South Kitsap School District officials are beginning to look at budget cuts and downsizing for the next school year due to lower enrollment and soon-to-end pandemic financial aid.
The news comes at a time when staffing and enrollment are headed in opposite directions.
In the pre-pandemic school year of 2018-19, total employment of certificated, administrative and classified staff was 1,110. That number has slightly increased to 1,114.
Meanwhile, enrollment before and during the pandemic ranged from 9,600 to just above 9,800 but has since fallen dramatically to 8,999.
That has led to a higher certificated-and-classified staff-to-student ratio than in pre-pandemic years.
Projected adjustments needed for the 2023-24 school year stand around $9.5 million, assistant superintendent Monica Honsaker said in a report to the school board Feb. 1. “We are spending more than we budgeted, and a lot of it is in staffing. A lot of it is in special education staffing,” she said.
Honsaker said the main reason staffing has gone up was due to federal aid stemming from the coronavirus pandemic, namely Elementary and Secondary School Emergency Relief funding. The district is spending $5.3 million in that funding in 2022-23. “Well, that money is going away,” she said. “So in 2023-24 we will not have that, and we will have to reduce at minimum $5.3 (million) we budgeted.”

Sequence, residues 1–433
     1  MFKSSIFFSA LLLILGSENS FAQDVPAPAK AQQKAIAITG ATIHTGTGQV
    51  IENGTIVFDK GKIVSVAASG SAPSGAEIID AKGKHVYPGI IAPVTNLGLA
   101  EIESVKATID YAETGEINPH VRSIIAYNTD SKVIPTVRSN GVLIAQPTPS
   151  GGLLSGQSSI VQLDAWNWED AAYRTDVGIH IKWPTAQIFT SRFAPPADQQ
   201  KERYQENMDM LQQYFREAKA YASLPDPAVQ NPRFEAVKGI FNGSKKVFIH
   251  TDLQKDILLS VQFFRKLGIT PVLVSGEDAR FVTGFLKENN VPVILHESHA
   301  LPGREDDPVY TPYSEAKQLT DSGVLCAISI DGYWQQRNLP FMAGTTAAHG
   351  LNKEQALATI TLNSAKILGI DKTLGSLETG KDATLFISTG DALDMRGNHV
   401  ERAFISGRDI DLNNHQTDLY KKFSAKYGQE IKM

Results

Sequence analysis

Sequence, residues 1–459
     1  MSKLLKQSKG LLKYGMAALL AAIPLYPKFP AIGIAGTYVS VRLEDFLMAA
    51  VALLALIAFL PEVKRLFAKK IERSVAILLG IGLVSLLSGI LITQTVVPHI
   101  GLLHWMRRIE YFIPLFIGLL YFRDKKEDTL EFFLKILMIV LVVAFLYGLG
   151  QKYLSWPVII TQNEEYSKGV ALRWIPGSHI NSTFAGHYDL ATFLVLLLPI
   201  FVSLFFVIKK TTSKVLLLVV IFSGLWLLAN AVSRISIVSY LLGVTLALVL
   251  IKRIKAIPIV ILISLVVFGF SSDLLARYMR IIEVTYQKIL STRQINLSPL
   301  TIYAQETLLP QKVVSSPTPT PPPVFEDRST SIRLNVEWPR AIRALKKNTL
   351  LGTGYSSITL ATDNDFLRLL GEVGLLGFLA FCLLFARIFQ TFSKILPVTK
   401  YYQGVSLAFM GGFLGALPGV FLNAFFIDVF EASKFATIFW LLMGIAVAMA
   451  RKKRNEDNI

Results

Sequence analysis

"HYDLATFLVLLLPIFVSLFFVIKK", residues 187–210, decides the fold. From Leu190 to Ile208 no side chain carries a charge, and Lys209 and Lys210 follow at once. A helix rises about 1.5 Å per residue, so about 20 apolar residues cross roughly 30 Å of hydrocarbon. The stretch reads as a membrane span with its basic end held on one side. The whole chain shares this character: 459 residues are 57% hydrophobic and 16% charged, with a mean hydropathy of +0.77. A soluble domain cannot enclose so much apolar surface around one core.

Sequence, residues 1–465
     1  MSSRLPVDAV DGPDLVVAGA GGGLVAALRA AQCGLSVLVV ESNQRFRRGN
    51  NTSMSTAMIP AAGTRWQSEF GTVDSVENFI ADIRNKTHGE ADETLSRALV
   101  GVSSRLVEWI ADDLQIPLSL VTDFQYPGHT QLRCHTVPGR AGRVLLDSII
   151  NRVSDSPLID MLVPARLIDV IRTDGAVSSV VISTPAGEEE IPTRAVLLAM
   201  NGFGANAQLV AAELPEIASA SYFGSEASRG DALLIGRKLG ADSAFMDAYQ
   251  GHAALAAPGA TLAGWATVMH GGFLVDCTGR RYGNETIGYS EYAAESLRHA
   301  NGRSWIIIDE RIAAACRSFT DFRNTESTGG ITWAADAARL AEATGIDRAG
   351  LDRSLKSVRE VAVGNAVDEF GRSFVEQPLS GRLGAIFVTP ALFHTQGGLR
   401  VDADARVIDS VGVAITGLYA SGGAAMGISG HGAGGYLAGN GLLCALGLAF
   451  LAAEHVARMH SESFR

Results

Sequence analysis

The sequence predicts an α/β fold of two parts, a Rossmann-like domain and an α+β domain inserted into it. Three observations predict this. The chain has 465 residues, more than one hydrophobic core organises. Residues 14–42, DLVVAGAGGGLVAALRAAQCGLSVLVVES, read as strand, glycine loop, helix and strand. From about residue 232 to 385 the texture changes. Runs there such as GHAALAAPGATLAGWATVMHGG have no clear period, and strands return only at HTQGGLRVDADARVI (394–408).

Inflation was cited as a reason for future cuts, as cost of living, salary and benefits have all gone up in the present economy.
Superintendent Tim Winter said the process of identifying possible areas to downsize has begun, but final decisions will not need to be made until the budget’s expected approval in August. He also said the district will make clear its priority areas in this decision. “This is the first stage of a long process,” he said. “Once the public has had a chance to see these things, we will ask for comments from the public.”